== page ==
float Accum;


float Hidden[HiddenNodes];
float Output[OutputNodes];
float HiddenWeights[InputNodes+1][HiddenNodes];
float OutputWeights[HiddenNodes+1][OutputNodes];
float HiddenDelta[HiddenNodes];
float OutputDelta[OutputNodes];
float ChangeHiddenWeights[InputNodes+1][HiddenNodes];
float ChangeOutputWeights[HiddenNodes+1][OutputNodes];

void setup(){
  Serial.begin(9600);
  randomSeed(analogRead(3));
  ReportEvery1000 = 1;
  for( p = 0 ; p < PatternCount ; p++ ) {    
    RandomizedIndex[p] = p ;
  }
}  

void loop (){


/******************************************************************
* Initialize HiddenWeights and ChangeHiddenWeights 
******************************************************************/

  for( i = 0 ; i < HiddenNodes ; i++ ) {    
    for( j = 0 ; j <= InputNodes ; j++ ) { 
      ChangeHiddenWeights[j][i] = 0.0 ;
      Rando = float(random(100))/100;
      HiddenWeights[j][i] = 2.0 * ( Rando - 0.5 ) * InitialWeightMax ;
    }
  }
/******************************************************************
* Initialize OutputWeights and ChangeOutputWeights
******************************************************************/

  for( i = 0 ; i < OutputNodes ; i ++ ) {    
    for( j = 0 ; j <= HiddenNodes ; j++ ) {
      ChangeOutputWeights[j][i] = 0.0 ;  
      Rando = float(random(100))/100;        
      OutputWeights[j][i] = 2.0 * ( Rando - 0.5 ) * InitialWeightMax ;
    }
  }
  Serial.println("Initial/Untrained Outputs: ");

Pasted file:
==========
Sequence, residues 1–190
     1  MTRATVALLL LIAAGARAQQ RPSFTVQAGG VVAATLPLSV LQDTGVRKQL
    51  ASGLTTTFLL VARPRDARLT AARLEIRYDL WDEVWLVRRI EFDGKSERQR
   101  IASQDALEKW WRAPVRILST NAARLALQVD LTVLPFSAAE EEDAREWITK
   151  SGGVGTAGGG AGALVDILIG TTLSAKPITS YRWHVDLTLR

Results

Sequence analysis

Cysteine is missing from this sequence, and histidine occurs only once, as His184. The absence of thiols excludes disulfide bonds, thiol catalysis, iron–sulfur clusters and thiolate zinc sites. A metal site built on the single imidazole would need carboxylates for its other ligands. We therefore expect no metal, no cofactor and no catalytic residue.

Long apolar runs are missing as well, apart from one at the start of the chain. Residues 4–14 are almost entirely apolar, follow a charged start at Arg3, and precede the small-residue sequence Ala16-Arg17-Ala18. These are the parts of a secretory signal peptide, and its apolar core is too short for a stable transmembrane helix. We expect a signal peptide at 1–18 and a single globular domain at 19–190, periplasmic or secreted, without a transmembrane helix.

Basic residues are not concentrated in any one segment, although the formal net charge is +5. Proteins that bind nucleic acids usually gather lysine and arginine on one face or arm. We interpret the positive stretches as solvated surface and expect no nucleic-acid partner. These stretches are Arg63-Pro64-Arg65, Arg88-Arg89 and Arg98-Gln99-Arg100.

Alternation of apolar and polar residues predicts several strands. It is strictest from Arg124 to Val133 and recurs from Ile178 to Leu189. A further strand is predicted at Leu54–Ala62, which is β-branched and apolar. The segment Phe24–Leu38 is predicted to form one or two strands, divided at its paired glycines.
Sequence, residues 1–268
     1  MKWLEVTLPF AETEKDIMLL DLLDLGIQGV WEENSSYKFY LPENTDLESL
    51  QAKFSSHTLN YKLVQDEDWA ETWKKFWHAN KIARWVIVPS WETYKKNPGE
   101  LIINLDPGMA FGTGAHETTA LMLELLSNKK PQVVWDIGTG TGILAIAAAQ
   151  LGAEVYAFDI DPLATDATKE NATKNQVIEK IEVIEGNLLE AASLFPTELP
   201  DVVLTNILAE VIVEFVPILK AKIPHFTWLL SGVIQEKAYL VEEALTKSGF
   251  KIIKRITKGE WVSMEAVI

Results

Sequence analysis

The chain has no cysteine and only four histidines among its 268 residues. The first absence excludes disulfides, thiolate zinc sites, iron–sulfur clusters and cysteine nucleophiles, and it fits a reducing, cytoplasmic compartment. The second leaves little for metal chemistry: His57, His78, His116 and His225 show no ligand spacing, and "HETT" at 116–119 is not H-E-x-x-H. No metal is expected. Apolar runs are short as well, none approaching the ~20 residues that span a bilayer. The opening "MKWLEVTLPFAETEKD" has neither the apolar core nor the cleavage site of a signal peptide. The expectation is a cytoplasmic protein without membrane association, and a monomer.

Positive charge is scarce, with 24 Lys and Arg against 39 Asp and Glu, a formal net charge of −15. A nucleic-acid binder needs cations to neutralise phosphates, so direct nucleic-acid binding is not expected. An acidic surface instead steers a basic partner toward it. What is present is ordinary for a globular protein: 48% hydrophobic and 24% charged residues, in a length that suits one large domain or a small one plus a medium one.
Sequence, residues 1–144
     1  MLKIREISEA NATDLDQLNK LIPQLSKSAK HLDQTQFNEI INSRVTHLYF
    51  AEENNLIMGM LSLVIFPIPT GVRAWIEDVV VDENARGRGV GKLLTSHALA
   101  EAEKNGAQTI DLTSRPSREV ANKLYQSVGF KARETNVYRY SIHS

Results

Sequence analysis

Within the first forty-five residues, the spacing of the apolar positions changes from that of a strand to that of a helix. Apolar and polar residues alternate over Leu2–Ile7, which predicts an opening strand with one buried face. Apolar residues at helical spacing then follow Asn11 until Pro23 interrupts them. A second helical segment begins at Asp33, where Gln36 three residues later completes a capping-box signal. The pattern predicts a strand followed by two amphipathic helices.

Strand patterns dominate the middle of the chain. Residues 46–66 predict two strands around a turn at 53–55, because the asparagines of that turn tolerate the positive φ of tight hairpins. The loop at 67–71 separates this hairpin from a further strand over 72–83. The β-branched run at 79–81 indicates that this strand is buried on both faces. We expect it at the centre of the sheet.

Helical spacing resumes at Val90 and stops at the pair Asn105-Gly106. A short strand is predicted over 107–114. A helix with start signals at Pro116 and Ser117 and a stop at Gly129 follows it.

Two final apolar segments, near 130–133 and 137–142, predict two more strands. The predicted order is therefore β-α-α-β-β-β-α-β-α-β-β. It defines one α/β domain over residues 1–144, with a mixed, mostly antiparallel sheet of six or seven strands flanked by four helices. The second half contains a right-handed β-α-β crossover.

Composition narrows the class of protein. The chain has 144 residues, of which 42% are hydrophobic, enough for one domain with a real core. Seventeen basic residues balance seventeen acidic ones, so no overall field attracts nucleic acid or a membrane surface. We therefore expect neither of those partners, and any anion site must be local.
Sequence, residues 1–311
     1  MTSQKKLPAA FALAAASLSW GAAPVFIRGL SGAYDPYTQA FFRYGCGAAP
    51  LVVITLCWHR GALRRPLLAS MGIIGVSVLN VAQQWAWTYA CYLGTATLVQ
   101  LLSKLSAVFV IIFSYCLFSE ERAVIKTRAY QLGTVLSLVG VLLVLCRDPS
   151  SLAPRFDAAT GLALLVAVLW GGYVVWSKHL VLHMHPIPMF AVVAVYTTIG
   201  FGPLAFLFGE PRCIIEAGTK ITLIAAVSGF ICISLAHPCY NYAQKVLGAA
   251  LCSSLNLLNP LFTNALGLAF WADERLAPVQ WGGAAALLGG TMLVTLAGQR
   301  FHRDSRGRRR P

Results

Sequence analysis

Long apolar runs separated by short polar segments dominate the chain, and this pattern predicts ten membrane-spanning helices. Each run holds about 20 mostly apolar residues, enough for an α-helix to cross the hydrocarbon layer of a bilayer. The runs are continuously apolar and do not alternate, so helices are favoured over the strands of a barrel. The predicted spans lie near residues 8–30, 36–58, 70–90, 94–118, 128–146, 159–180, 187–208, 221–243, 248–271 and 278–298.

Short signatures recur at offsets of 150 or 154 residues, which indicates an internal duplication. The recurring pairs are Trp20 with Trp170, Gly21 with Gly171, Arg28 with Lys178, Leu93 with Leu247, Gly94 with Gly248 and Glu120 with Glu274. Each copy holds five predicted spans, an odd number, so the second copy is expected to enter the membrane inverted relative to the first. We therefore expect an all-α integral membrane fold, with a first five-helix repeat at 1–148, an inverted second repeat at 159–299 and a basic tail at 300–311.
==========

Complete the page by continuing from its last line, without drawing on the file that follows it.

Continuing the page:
toTerminal();
/******************************************************************
* Begin training 
******************************************************************/

  for( TrainingCycle = 1 ; TrainingCycle < 2147483647 ; TrainingCycle++) {    

/******************************************************************
* Randomize order of training patterns
******************************************************************/

    for( p = 0 ; p < PatternCount ; p++) {
      q = random(PatternCount);
      r = RandomizedIndex[p] ; 
      RandomizedIndex[p] = RandomizedIndex[q] ; 
      RandomizedIndex[q] = r ;
    }
    Error = 0.0 ;
/******************************************************************
* Cycle through each training pattern in the randomized order
******************************************************************/
    for( q = 0 ; q < PatternCount ; q++ ) {    
      p = RandomizedIndex[q];

/******************************************************************
* Compute hidden layer activations
******************************************************************/

      for( i = 0 ; i < HiddenNodes ; i++ ) {    
        Accum = HiddenWeights[InputNodes][i] ;
        for( j = 0 ; j < InputNodes ; j++ ) {
          Accum += Input[p][j] * HiddenWeights[j][i] ;
        }
        Hidden[i] = 1.0/(1.0 + exp(-Accum)) ;
      }

/******************************************************************
* Compute output layer activations and calculate errors
******************************************************************/

      for( i = 0 ; i < OutputNodes ; i++ ) {    
        Accum = OutputWeights[HiddenNodes][i] ;
        for( j = 0 ; j < HiddenNodes ; j++ ) {
          Accum += Hidden[j] * OutputWeights[j][i] ;
        }
        Output[i] = 1.0/(1.0 + exp(-Accum)) ;   
        OutputDelta[i] = (Target[p][i] - Output[i]) * Output[i] * (1.0 - Output[i]) ;   
        Error += 0.5 * (Target[p][i] - Output[i]) * (Target[p][i] - Output[i]) ;
      }

/******************************************************************
* Backpropagate errors to hidden layer
******************************************************************/

      for( i = 0 ; i < HiddenNodes ; i++ ) {    
        Accum = 0.0 ;
        for( j = 0 ; j < OutputNodes ; j++ ) {
          Accum += OutputWeights[i][j] * OutputDelta[j] ;
        }
        HiddenDelta[i] = Accum * Hidden[i] * (1.0 - Hidden[i]) ;
      }


/******************************************************************
* Update Inner-->Hidden Weights
******************************************************************/